Giorgos Karatzaferis. Need I say more? I honestly can’t make up my mind if he’s only a bigoted populist racist, or he’s also a self-deluded person who thinks he’s the messiah of the nation who will take up Jesus Christ’s sword, fend off invaders from all sides and places of the planet, submit the country to our “Russian Orthodox Brothers” and save civilization from the “evil West”. It is true that the country has foreign policy problems to solve, but Karatzaferis is the man you want to get more problems, rather than solve any existing ones. Hate towards immigrants, legal or not, is of course one of the top issues for him and his party, and by “issues” I mean “things to bark about, offending people who don’t vote and won’t be voting any time soon” – and the debate was not an exception to this rule. His cosy relationship with the Church, which he implicitly underlines every times he opens his mouth, including last night, will likely help him get enough old voters to pass the threshold for the first time.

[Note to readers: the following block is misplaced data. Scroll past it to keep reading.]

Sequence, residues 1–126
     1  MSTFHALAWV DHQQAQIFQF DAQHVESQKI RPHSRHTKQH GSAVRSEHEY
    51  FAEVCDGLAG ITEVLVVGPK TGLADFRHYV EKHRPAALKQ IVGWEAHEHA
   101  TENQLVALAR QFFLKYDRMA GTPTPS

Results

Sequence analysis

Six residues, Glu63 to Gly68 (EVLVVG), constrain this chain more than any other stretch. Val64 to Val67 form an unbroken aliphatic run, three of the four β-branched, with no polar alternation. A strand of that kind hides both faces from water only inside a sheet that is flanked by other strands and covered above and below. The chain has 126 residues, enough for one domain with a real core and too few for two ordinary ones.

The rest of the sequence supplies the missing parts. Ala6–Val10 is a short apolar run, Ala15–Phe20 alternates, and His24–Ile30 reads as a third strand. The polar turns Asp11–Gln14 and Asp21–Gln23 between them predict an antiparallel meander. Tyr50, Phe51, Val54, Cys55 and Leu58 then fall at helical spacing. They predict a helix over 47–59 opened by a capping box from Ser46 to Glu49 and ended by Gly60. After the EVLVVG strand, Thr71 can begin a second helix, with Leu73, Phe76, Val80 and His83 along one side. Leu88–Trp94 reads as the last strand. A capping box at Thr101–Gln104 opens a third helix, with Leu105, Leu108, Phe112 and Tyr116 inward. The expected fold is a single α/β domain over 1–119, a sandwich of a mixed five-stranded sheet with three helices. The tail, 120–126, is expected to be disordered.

Conclusively, no participant’s performance was far from expectations, but there were moments which gave most leaders some points with particular segments of the electorate. It remains to be seen how will this debate define the electoral result, but no big surprises should be expected based on last night.



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    Two PoDs occured: First, a scandal that broke a few months after the 2007 election, broke ITTL a few days before it. The second PoD is new fires breaking out in the two largest cities of the country in a quite large region.

    Coming next, the 2007 Election.
     
    Last edited: Apr 17, 2013
  14. Tongera Well-Known Member

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    Interesting. But can there be shorter time between updates please?
     
  15. Dan1988 Vamos abrir a porta da esperança!